It is not only the audience members who are disappointed and angry. It has been reported that BBC journalists are “crying in the toilets” over the network’s Israel-Gaza output, and some of them sent an email to Director General Tim Davie decrying what they perceive as the BBC ” treating Israeli lives as more worthy than Palestinian lives” in its coverage of the ongoing war.
In a recent statement, BBC News CEO Deborah Turness said the BBC’s coverage of Israel-Palestine has received criticism from “both sides” but added that the BBC “cannot afford to simply say that if both sides are criticising us, we’re getting things right”. She made a commitment to attribute all information to appropriate sources and accepted the need for the BBC to be careful about semantics. She acknowledged that the BBC created the impression that it considers some deaths more important than others by writing people “died” in Gaza and “were killed” in Israel in one of its tweets and said its journalists will think “more carefully” when talking about civilian deaths in the future.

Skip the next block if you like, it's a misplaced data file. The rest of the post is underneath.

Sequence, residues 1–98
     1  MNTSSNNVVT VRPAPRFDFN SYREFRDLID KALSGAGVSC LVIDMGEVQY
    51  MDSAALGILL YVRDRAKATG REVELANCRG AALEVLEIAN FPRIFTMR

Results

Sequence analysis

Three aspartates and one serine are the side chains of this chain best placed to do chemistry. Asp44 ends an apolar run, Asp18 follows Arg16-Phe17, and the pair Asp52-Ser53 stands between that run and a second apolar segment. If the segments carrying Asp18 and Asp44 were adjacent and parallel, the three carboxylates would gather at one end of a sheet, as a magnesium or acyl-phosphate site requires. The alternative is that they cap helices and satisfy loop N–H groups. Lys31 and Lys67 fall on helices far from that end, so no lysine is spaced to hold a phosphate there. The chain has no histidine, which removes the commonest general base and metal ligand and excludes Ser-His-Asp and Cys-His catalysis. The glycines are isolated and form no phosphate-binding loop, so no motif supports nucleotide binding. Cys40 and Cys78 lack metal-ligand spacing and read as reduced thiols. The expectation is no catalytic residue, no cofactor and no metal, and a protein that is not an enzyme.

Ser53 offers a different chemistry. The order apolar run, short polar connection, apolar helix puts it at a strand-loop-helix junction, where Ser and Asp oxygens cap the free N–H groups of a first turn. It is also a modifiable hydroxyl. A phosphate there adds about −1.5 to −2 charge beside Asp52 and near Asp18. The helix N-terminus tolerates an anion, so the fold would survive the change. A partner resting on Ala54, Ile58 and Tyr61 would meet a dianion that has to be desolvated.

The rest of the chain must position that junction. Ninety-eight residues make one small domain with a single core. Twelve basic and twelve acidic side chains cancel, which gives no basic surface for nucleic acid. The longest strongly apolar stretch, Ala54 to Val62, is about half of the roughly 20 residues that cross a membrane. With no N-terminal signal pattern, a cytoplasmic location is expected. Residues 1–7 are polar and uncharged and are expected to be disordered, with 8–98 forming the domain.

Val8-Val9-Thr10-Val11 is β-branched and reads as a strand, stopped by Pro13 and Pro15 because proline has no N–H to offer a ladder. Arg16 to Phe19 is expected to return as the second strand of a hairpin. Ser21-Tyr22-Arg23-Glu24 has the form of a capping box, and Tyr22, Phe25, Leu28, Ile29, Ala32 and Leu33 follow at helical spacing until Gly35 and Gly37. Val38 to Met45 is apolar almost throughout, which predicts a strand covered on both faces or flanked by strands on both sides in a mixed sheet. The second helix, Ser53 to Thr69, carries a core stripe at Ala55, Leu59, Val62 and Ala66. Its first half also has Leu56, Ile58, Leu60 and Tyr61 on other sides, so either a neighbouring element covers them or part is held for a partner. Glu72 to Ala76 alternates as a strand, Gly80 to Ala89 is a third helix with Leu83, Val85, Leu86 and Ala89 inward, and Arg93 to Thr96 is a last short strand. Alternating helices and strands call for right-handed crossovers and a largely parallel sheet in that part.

This is an important step in the right direction, but it is not enough.
Journalists have a responsibility not only to be impartial, factual and fair when covering a war but also to stand up against hate and call out blatant war crimes that they witness. They have a responsibility not to contribute to the dehumanisation of an entire people. By allowing a state to impose its PR narratives on their output, many in the British media are failing the British public and paving the way for further atrocities against the Palestinians.
I am not alone in my disappointment with much of the British media’s coverage of this war. Dozens of scholars researching media and communication have also spoken out against the inequitable coverage. In an open letter, they decried the double standards and the inflammatory use of language that treats the Palestinians en masse as guilty.
We have seen many times before, most obviously in the immediate aftermath of 9/11, what happens when leading media organisations of the West decide the truth should not get in the way of state narratives. Let’s not repeat the disastrous mistakes of the past.
The views expressed in this article are the author’s own and do not necessarily reflect Al Jazeera’s editorial stance.